The Kettle hooting the Porridge-Pot.
Pubd. July 23d 1782 by P. J. Leatherhead.
Etching with colour, added by hand, but later, Sheet 240 x 330mm, 9½ x 13". Trimmed.
Political satire: William Petty, 2nd Earl of Shelburne (1737 - 1805) (left), as the proverbial kettle, looks at Charles James Fox (1749 - 1806) (right), the (porridge) pot, who is running away down a road in a landscape. Shelburne has a complacent smile and holds out his hands, pointing towards Fox; his left foot is on the neck of a goose, which lies on its back on the ground. He is saying, 'Oh do but look how black his Arse is!' Fox (right) with the head of a fox, his body a large circular pot, blackened underneath, is running away with an alarmed expression, his hands held up, his tongue hanging out. In the centre of the design, between the two figures is a signpost, its arm, pointing to the right, forms into a human hand holding a die in its fingers, pointing in the direction in which Fox is running. The arm of the post is inscribed 'TO BROOKS'S'; from it hangs a rope with a noose at the end of it. On the post hangs a sign inscribed 'To be Lett- either as a Gibbet or Direction Post'. Fox, destitute on leaving office, is running off to his gambling associates at Brooks's club in St. James's Street for his support, while, politically speaking, Shelburne is depicted as equally black. Fox's geese, in caricature, usually represents the electors of Westminster. By James Gillray (1756 - 1815). George suggests that the publisher 'Leatherhead' is fictitious. This is the only satire in the BM catalogue on which that name appears.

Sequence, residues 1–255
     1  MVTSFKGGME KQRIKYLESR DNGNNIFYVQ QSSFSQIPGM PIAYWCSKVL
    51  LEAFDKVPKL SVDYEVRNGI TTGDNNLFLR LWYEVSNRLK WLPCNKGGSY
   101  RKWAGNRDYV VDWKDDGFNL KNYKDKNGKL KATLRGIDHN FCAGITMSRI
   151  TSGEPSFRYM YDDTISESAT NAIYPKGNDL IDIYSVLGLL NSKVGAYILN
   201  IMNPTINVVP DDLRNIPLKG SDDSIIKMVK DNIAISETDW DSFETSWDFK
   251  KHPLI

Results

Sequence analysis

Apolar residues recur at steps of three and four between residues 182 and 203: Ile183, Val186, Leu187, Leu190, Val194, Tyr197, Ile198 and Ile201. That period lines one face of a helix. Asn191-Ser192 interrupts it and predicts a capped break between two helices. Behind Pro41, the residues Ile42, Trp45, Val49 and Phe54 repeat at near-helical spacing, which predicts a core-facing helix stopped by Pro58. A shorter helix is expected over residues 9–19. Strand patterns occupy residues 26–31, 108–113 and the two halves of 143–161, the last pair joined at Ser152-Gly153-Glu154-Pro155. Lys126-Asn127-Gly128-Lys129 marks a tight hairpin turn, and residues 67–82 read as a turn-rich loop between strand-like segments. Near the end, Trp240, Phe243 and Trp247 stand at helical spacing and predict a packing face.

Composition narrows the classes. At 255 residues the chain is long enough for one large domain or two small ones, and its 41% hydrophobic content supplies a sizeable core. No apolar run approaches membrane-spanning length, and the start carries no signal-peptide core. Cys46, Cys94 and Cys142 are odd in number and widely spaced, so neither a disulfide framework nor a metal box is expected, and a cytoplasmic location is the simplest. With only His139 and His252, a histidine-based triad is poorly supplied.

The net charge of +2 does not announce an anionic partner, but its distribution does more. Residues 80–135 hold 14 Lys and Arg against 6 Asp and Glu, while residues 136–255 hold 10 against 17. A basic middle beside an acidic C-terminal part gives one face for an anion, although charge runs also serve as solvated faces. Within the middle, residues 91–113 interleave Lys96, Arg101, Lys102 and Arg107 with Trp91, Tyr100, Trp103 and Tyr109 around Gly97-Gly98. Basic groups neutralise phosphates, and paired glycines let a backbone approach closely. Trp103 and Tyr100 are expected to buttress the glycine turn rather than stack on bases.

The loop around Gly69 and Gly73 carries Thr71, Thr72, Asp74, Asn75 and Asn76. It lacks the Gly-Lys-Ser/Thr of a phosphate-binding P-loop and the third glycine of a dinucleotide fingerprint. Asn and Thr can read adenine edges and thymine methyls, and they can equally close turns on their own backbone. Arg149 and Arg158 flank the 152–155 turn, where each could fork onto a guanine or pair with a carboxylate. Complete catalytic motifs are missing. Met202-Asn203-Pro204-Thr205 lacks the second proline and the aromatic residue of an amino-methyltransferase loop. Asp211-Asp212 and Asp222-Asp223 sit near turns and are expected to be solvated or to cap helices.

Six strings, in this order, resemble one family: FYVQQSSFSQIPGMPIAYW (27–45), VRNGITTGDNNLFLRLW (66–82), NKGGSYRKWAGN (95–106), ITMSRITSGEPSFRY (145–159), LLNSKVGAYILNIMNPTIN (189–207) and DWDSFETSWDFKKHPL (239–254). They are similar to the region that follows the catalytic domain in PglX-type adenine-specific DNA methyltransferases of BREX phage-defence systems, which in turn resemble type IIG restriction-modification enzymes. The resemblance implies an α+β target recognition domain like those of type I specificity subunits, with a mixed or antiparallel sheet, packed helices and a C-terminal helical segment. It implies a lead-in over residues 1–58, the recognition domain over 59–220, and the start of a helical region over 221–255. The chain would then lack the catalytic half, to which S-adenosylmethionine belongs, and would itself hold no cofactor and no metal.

BM Satires 6013.
[Ref: 22467] £260.00